The psalmist’s life has been anything but a bed of roses. He has been beset by trouble, ravaged by war, pursued by enemies, and victimized by violence and false testimony. Even as the psalmist affirms that God has upheld him through times of trouble and has protected him from that which has sought to destroy him, he pleads with God not to hide from him. Though he claims to be confident and unafraid, he begs God not to forsake him, not to turn him away. In one breath the psalmist eloquently affirms his faith; in the next he confesses his uncertainty that God will be with him in the future.

Fear and hope, faith and doubt, belief and lament, light and darkness live side by side in all of us. Our experiences and emotions waver wildly. Our prayers sound like the psalmist’s. In one moment we confidently confess, “The Lord is my light and salvation.” In the next, we cry out from a place of forsakenness for God to answer us. In one moment we sing and shout for joy. In the next, we plead with God not to hide from us.

Have you ever wished you could erase all doubt and fear from your life? Have you had a mountaintop experience and then found yourself wandering in a wilderness? Have you ever wanted to cast away the shadows from your life only to discover that they linger and follow you? Have you ever wondered what you really believe? If so, Psalm 27 can be your prayer.

After pouring out his faith and doubt, fear and courage, the psalmist concludes, “Wait for the Lord.” We cannot and need not run from the shadows of our lives. Light and darkness exist side by side within each of us, and God is in it all.

God, help me to wait upon you whether in the light or in the shadows. Amen.

Pray the Scriptures Using Audio Lectio
Read Luke 13:31-35

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Lectionary Week
March 11–17, 2019
Scripture Overview

This week’s readings give witness to the ways of God and provide confidence and hope in our faith. In Genesis we read of God’s promise to Abram, a promise that seems very unlikely to a man with no children. But God seals the covenant, and the story later shows that God never breaks God’s promises. The psalmist even while mired in conflict praises God for being his light, his salvation, his stronghold. The psalmist longs to be in God’s presence forever, a desire that can inspire all of us as believers. Paul says that in the future reality, we will no longer experience resistance from those who oppose God. One day Christ will fully transform us to our citizenship in heaven. Jesus himself experienced resistance even in Jerusalem, yet he ultimately triumphs, as will all those who trust in God.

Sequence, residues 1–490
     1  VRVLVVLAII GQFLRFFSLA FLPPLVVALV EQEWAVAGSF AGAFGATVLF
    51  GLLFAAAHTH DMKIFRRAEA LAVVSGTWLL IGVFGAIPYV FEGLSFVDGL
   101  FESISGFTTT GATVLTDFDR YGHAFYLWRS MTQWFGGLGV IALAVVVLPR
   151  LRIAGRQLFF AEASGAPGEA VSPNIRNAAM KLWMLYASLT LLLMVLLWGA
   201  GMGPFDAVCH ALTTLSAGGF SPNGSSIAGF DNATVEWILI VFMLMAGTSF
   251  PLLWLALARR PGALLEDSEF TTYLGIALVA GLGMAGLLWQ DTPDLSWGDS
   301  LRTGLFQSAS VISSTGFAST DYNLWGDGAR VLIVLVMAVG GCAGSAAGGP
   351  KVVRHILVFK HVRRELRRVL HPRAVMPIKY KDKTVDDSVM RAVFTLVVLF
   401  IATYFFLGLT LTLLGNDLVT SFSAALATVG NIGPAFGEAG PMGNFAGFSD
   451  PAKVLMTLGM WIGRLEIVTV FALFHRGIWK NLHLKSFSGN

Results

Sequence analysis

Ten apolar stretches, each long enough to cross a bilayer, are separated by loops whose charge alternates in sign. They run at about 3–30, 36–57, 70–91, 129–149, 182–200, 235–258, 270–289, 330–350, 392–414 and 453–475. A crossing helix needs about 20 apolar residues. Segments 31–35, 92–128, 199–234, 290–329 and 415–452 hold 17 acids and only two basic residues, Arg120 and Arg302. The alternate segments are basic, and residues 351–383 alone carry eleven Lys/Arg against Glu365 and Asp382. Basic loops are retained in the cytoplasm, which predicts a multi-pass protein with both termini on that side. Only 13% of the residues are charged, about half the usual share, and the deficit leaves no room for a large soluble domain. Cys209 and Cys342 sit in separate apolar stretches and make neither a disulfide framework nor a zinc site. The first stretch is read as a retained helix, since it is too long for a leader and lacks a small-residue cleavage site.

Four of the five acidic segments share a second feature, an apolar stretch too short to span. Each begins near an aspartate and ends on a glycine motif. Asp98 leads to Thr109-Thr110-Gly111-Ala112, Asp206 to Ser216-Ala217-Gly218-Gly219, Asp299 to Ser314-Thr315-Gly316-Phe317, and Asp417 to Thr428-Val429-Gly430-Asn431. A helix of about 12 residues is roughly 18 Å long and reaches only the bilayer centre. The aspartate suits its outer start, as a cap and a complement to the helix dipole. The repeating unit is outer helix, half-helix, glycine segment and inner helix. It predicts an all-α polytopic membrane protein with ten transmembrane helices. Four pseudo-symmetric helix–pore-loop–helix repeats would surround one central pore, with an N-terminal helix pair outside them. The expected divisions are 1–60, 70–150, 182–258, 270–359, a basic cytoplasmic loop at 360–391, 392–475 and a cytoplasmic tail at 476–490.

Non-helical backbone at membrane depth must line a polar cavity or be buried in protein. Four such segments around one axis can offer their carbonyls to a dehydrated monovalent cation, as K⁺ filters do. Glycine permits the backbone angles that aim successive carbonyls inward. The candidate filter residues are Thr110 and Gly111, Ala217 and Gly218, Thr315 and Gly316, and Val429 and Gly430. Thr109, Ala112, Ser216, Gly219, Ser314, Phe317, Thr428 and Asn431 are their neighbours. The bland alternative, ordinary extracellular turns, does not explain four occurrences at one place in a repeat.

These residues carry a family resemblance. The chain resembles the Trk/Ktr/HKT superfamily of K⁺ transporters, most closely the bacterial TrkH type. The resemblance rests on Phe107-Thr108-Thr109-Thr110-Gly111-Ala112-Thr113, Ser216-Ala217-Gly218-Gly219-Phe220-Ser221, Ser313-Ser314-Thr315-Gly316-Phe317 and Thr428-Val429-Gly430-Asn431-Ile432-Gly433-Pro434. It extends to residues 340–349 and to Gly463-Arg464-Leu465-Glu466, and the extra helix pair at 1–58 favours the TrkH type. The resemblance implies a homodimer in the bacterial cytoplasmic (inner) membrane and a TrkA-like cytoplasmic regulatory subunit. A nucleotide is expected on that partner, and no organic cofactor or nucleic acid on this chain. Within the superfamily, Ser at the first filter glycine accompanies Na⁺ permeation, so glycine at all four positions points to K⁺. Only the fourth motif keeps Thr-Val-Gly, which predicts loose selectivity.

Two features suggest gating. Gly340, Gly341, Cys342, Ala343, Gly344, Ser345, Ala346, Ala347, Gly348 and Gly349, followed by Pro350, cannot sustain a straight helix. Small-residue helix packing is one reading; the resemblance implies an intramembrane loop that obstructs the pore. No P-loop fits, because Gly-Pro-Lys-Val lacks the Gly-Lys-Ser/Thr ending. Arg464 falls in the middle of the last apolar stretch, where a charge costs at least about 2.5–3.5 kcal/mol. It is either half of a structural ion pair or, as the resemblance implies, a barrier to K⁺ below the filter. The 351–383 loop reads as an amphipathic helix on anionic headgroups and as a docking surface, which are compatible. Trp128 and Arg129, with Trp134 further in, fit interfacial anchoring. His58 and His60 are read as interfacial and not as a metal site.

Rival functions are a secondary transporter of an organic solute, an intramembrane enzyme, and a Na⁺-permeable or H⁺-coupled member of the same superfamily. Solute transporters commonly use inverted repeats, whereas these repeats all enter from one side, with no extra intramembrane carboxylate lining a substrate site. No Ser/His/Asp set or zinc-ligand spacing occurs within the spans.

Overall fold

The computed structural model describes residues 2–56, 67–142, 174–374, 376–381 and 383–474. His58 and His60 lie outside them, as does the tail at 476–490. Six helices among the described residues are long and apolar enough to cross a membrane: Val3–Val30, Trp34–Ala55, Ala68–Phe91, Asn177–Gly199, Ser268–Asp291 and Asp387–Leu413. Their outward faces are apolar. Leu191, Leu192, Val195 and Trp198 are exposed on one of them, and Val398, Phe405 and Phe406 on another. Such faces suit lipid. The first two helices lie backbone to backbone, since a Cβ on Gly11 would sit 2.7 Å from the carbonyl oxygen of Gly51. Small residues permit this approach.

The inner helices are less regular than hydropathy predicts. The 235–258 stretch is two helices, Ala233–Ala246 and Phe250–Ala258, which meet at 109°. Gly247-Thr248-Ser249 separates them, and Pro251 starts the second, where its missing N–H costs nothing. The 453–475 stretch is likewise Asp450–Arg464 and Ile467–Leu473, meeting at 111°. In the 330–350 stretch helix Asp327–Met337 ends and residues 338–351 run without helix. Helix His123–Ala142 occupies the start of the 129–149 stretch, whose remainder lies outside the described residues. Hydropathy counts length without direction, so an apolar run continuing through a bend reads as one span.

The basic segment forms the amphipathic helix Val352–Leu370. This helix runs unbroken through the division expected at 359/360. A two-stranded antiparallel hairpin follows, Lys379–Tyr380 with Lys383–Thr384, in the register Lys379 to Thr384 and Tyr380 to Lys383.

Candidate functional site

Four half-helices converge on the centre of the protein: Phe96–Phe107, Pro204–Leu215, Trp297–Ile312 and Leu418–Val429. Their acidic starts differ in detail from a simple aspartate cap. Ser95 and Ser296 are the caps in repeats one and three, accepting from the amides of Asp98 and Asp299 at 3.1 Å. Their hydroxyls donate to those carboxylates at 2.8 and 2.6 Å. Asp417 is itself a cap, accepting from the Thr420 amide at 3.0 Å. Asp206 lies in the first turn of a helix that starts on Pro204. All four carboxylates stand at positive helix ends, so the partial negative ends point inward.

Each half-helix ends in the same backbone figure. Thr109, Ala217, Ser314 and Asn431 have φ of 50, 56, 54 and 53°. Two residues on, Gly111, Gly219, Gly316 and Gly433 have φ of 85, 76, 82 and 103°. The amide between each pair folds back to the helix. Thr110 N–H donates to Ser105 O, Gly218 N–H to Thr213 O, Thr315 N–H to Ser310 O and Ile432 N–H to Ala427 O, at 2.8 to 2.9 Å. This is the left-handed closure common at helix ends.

Questions and Suggestions for Reflection

Read Genesis 15:1-12, 17-18. How can you take a step forward in the dark toward God’s seemingly impossible promises for the future?
Read Psalm 27. Recall a time when you waited in the shadows of your life. What did you learn about God’s provision during this time?
Read Philippians 3:17–4:1. How do you live in the paradox of standing firm in faith by being vulnerable?
Read Luke 13:31-35. When have you been unwilling to accept love? How can you comprehend the depth and yearning of God’s love for you?

Respond by posting a prayer.

I join many of those who will pray for you as you seek to discern what you are called to be at this moment. May God grant you the courage to fulfill that calling. May we all open our eyes and see the misery, open our ears and hear the cries of God’s people, and, like God through the Lord Jesus Christ, be incarnate amongst them.” 

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